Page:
Fillol cited for spitting
Stade Francais scrum-half Jerome Fillol has been cited for spitting at opposite number Peter Stringer in the Amlin Challenge Cup quarter-final win at Bath.
The incident occurred in the 25th minute of the match at The Rec, which the French club won 36-20 to reach the semi-finals of the tournament for the third straight year.
The two number nines had already exchanged words prior to their clash. Nothing untoward was seen by referee Nigel Owens and his assistants at the time, but replays showed Fillol spitting straight in Stringer's face.
And match citing commissioner Eugene Ryan has decided Fillol has a case to answer. European Rugby Cup confirmed he has been charged with an "act contrary to good sportsmanship" and will appear before independent judicial officer Anthony Davis in Dublin on Thursday.
An ERC statement read: "ERC has received a citing complaint against the Stade Francais Paris scrum half, Jerome Fillol, following the Amlin Challenge Cup quarter-final match against Bath Rugby on Saturday, 6 April 2013.
"Fillol is alleged to have committed an act contrary to good sportsmanship in that he spat at the Bath Rugby player, Peter Stringer (No 9), during the first half of the match at the Recreation Ground."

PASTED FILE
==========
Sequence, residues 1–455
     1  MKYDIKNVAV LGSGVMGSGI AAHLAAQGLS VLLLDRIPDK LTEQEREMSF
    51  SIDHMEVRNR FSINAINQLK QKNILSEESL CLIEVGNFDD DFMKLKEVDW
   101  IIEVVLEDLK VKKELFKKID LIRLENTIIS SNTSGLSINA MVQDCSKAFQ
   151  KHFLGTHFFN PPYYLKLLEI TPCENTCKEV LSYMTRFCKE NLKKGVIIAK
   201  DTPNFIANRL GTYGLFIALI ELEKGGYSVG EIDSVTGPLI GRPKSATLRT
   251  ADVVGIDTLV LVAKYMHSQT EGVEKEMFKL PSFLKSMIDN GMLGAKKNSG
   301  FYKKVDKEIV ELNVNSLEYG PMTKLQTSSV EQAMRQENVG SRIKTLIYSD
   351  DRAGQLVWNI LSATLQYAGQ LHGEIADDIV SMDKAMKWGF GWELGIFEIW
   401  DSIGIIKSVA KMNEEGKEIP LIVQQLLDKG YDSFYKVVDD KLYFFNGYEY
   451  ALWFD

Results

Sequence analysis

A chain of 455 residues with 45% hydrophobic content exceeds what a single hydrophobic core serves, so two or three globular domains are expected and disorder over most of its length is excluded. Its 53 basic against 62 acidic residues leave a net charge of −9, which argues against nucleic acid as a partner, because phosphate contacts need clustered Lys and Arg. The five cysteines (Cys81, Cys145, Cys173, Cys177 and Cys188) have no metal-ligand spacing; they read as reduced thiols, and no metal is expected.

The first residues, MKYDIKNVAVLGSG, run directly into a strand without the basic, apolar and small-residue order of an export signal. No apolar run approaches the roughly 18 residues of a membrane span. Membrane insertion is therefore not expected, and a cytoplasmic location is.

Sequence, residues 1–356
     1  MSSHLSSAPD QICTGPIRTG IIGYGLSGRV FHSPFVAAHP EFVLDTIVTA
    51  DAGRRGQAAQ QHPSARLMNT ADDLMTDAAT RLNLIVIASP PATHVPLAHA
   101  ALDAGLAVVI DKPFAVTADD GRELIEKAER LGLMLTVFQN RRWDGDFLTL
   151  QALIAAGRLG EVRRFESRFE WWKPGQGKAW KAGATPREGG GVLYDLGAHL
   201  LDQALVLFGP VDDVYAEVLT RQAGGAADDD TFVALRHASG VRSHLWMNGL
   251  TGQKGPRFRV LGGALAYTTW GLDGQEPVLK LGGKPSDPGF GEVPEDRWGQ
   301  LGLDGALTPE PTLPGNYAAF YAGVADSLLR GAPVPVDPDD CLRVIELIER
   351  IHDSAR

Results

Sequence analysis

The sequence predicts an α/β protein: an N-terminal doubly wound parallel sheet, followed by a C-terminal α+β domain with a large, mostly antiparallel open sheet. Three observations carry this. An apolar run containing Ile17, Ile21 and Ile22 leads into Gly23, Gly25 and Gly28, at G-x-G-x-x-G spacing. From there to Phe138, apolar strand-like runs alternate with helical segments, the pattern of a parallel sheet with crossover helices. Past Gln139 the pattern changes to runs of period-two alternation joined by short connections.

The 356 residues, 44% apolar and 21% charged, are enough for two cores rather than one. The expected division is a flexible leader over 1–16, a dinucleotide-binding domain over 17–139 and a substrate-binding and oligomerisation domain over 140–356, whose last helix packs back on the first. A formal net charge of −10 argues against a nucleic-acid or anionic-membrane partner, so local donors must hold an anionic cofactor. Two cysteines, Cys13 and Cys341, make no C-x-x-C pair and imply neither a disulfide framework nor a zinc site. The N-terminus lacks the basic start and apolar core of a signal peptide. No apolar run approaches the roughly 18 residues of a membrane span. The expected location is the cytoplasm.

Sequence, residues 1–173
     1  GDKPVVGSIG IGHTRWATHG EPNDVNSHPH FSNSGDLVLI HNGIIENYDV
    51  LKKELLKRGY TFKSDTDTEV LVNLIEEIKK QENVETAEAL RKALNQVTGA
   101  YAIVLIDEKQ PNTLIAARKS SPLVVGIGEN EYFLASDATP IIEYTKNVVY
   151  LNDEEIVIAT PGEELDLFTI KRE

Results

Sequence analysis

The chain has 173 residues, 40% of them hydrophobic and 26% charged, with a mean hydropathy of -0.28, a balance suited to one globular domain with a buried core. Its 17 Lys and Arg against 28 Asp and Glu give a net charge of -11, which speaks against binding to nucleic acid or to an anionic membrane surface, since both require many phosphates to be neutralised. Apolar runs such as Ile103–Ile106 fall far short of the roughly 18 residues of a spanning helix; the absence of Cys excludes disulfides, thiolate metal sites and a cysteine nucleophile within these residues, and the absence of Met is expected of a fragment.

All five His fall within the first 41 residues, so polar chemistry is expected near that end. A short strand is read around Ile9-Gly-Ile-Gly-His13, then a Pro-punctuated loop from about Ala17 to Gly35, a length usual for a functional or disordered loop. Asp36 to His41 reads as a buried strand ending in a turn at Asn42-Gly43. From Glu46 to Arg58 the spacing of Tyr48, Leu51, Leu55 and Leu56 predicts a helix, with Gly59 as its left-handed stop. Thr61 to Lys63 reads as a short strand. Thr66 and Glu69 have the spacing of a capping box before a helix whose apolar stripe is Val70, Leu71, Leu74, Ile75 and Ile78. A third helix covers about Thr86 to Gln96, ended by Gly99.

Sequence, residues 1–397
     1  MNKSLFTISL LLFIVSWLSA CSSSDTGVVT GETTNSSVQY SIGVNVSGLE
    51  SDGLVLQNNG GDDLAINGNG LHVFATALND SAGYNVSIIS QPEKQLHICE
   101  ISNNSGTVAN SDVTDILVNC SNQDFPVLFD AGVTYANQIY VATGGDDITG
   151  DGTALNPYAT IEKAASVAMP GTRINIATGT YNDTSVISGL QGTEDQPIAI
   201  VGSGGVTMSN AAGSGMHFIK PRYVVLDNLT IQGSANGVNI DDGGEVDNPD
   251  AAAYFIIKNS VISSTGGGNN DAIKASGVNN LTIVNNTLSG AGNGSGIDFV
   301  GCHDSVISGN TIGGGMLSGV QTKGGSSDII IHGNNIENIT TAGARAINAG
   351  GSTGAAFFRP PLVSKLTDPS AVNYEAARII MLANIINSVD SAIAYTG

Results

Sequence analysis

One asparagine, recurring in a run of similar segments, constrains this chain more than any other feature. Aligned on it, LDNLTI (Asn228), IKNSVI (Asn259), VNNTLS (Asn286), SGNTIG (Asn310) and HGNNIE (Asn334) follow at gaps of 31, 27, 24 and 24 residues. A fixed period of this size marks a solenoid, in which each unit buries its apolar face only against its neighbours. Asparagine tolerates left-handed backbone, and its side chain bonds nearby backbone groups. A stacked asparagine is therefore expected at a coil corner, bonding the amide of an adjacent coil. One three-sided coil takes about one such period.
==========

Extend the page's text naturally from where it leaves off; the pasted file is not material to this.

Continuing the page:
Under the IRB disciplinary code, the sanction for spitting ranges between four and at least 11 weeks depending on the severity of the offence. The maximum ban is 52 weeks.
Stringer said after the game that spitting on an opponent was "as low as you can probably go'', and followed that by tweeting that he was "disgusted".
Brett Gosper, the chief executive of the International Rugby Board, also tweeted: "Spitting on Stringer should be punished to the full extent of the law. #NotRugby.''
Stade prop Rabah Slimani has also been cited as a result of an incident during the match. The tighthead was sin-binned just before half-time after tackling Nick Abendanon in the air, and will also appear before a disciplinary hearing in Dublin on Thursday. Punishments for tackling a player in the air can range from between three and 12 weeks depending on severity, with a maximum suspension of a year.